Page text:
Hammond Raffetto Art
Furnace Acrylic Block
The Arizona slot canyons appear on an awful lot of bucket lists, and for good reason. Walking through them is like being submerged in a red sand ocean, where every wave and current is frozen in stone. Around each corner is another brain-defying collection of curves, waves, lines and light. And that light is just unbelievable. And exceptionally difficult to catch and portray. Dynamic range inside the canyons generally exceeds that of the human eye, from near darkness to blinding glare. And it's way beyond the capability of most modern cameras.
As beautiful as they are, the canyons are also an aesthetic challenge. How to share all that beauty when, every direction, every new view is lovelier than the last? The short answer is: I don't know. We have several canyon pieces here, each with a very different perspective. Furnace was originally captured in what is now known as Horseshoe Bend Slot Canyon. Formerly known as Secret Canyon, access is managed by a single Navajo family. I booked a tour spur of the moment, and found myself with only three other people and our guide. We had the entire canyon to ourselves for two hours. While we wandered, weak-kneed, our guide played her flute, the soft wind sound echoing through time.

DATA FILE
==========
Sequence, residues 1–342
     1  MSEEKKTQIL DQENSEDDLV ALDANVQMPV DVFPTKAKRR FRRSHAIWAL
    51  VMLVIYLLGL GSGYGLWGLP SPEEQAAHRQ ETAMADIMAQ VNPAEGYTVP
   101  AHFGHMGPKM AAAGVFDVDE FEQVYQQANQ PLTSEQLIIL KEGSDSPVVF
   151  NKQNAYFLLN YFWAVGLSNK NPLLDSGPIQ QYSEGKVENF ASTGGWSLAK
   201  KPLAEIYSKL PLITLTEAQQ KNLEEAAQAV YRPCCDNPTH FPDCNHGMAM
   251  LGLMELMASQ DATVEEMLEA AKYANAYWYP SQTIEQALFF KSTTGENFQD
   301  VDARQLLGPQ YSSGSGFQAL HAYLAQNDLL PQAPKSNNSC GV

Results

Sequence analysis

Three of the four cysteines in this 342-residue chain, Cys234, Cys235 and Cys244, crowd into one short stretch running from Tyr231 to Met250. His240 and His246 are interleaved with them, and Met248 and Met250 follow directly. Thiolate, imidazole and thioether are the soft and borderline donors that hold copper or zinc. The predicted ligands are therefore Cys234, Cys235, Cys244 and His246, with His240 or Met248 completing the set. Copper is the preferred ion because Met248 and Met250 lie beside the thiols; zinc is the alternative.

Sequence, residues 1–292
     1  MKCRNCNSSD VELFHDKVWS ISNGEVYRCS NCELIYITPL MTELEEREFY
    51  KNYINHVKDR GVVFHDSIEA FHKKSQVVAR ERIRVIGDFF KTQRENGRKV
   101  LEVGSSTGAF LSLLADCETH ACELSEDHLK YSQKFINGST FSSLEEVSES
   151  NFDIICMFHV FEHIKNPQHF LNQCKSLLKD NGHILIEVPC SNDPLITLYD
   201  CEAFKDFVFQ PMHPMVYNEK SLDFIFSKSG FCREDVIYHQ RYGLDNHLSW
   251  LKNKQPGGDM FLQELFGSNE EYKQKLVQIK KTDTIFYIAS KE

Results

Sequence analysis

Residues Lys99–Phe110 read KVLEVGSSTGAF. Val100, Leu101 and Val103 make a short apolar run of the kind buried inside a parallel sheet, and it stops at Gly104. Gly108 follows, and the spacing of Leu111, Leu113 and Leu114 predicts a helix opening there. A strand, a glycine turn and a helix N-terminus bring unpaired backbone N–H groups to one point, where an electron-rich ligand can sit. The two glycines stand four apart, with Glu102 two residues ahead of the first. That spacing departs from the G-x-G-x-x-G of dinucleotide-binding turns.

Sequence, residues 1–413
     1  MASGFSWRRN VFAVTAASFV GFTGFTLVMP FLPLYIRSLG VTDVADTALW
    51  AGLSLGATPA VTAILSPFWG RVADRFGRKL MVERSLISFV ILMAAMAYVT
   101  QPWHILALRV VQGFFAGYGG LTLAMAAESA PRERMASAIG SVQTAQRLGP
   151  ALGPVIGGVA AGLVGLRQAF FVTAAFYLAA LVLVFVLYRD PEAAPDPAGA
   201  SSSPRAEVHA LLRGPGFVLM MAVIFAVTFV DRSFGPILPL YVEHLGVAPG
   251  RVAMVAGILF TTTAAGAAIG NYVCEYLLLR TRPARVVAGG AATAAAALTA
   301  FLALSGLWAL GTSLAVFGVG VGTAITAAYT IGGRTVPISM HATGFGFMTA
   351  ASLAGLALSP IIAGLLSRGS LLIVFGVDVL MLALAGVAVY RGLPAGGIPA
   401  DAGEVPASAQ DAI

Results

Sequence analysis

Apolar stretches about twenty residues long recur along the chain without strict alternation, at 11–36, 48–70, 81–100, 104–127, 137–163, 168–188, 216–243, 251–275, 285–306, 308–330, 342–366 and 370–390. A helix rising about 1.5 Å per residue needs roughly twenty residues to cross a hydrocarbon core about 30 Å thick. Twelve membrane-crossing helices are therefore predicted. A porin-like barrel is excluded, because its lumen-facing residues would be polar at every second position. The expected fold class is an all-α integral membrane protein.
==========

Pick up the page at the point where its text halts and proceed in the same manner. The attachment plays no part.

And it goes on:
This is a long exposure of 30 seconds, not even a blink in the life of the walls above me. While I watched, the sun burst through the roof setting the walls of the canyon on fire.